html /index. /myapplication.open_resource('schema.html If you want to open the schema.sql file you would do the following: with app. New in version 0. 201 . This also triggers the url_value_preprocessor() functions before the actual before_request() functions are called. passing no arguments. Instead of overriding this method we recommend replacing the session_interface. default is ‘rb’. This attribute can also be configured from the config with the PERMANENT_SESSION_LIFETIME configuration key. permanent_session_lifetime A timedelta which is used to set the expiration date of a permanent session. open_session(request) Creates or opens a new session. • mode – resource file opening mode. If any of these functions returns a value. otherwise a sensible default is returned.sql') as f: contents = f.read() do_something_with(contents) Parameters • resource – the name of the resource.py /schema. Default implementation stores all session data in a signed cookie.7.sql /static /style. preserve_context_on_exception Returns the value of the PRESERVE_CONTEXT_ON_EXCEPTION configuration value in case it’s set.css /templates /layout. This requires that the secret_key is set. it’s handled as if it was the return value from the view and further request handling is stopped. The default is 31 days which makes a permanent session survive for roughly one month. Parameters request – an instance of request_class. Defaults to timedelta(days=31) preprocess_request() Called before the actual request dispatching and will call each before_request() decorated function. To access resources within subfolders use forward slashes as separator.

This must be used in combination with the with statement because the request is only bound to the current context for the duration of the with block. New in version 0.7. Parameters response – a response_class object.7. request_class The class that is used for request objects. Returns a new response object or the same. register_blueprint(blueprint. process_response(response) Can be overridden in order to modify the response object before it’s sent to the WSGI server. register_error_handler(code_or_exception. propagate_exceptions Returns the value of the PROPAGATE_EXCEPTIONS configuration value in case it’s set.request_context(environ): do_something_with(request) The object returned can also be used without the with statement which is useful for working in the shell. The example above is doing exactly the same as this code: ctx = app. Changed in version 0. See Request for more information.push() try: do_something_with(request) 202 . Example usage: with app.5: As of Flask 0. **options) Registers a blueprint on the application. By default this will call all the after_request() decorated functions. has to be an instance of response_class.7.5 the functions registered for after request execution are called in reverse order of registration. alias of Request request_context(environ) Creates a RequestContext from the given environment and binds it to the current context. f ) Alternative error attach function to the errorhandler() decorator that is more straightforward to use for non decorator usage. New in version 0. New in version 0.request_context(environ) ctx. otherwise a sensible default is returned.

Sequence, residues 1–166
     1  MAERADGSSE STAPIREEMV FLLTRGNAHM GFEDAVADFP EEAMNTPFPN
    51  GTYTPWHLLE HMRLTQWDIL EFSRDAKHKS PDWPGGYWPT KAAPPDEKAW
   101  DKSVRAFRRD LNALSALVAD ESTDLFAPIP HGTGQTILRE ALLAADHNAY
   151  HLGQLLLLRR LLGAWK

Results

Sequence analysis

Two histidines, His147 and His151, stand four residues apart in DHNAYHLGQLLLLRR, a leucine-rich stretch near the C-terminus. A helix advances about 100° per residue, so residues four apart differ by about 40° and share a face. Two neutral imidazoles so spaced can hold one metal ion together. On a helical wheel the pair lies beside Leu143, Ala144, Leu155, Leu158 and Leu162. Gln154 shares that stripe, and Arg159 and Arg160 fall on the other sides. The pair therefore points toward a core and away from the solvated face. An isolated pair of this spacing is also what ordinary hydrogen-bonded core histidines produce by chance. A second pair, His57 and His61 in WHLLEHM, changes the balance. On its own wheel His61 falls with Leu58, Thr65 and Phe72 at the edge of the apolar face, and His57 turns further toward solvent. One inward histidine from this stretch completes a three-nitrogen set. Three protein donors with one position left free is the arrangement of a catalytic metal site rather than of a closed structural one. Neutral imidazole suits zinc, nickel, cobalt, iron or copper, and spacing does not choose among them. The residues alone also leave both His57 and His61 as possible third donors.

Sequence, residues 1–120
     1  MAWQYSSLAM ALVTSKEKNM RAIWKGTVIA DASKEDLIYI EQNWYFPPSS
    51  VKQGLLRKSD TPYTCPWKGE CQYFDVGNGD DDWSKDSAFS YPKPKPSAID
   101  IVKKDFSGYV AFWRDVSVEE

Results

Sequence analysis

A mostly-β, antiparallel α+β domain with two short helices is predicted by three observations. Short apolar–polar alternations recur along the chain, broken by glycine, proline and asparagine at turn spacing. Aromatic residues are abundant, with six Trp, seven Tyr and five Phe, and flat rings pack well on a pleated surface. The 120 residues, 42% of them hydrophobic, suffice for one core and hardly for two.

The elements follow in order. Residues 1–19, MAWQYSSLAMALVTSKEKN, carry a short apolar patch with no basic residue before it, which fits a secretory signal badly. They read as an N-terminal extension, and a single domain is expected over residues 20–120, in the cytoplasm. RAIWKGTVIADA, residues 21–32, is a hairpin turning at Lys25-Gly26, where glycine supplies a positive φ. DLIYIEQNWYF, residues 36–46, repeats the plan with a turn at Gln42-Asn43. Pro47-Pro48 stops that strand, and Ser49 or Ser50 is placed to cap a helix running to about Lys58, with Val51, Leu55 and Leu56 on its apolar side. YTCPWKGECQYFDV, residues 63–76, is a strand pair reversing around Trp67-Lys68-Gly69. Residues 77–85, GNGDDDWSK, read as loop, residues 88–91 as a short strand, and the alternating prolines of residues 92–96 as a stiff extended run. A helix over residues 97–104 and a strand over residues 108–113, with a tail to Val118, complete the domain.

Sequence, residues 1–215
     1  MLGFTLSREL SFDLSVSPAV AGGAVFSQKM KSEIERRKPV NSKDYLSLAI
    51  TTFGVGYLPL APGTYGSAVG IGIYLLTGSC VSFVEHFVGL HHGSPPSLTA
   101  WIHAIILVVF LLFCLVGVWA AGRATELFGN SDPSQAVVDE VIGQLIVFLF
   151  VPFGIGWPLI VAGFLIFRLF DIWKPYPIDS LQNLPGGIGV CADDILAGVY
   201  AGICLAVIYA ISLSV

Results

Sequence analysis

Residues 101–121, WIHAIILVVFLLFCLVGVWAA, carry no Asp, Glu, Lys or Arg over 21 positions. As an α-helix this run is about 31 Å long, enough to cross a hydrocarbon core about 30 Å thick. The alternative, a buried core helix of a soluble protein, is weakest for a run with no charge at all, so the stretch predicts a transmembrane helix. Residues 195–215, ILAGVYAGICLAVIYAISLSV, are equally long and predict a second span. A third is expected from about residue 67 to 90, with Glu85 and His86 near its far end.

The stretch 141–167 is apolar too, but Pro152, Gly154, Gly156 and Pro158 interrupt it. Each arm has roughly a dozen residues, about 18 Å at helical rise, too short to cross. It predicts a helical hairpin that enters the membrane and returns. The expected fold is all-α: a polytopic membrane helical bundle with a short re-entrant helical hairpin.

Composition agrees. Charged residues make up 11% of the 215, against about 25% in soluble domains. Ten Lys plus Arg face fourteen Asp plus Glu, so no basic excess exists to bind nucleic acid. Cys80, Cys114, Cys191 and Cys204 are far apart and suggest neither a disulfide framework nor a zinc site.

Do not use run() in a production setting. Parameters • rule – the URL rule as string • endpoint – the endpoint for the registered URL rule. Instead. 203 . If the debug flag is set the server will automatically reload for code changes and show a debugger in case an exception happened. POST etc. but disable the code ex- ecution on the interactive debugger. See Response for more informa- tion.pop() Changed in version 0.). Flask itself assumes the name of the view function as endpoint • options – the options to be forwarded to the underlying Rule object.6. methods is a list of methods this rule should be limited to (GET. By default a rule just listens for GET (and implicitly HEAD).3: Added support for non-with statement usage and with statement is now passed the ctx object. alias of Response route(rule. **options) A decorator that is used to register a view function for a given URL rule. OPTIONS is implicitly added and handled by the standard request handling. **options) Runs the application on a local development server. Parameters environ – a WSGI environment response_class The class that is used for response objects. see Deploy- ment Options for WSGI server recommendations. If you want to run the application in debug mode. This does the same thing as add_url_rule() but is intended for decorator usage: @app. finally: ctx. This will keep the debugger’s traceback screen active. run(host=None. you can pass use_evalex=False as pa- rameter. port=None. but disable code execution. It is not intended to meet security and performance requirements for a production server. debug=None. Starting with Flask 0. A change to Werkzeug is handling of method options.route('/') def index(): return 'Hello World' For more information refer to URL Route Registrations.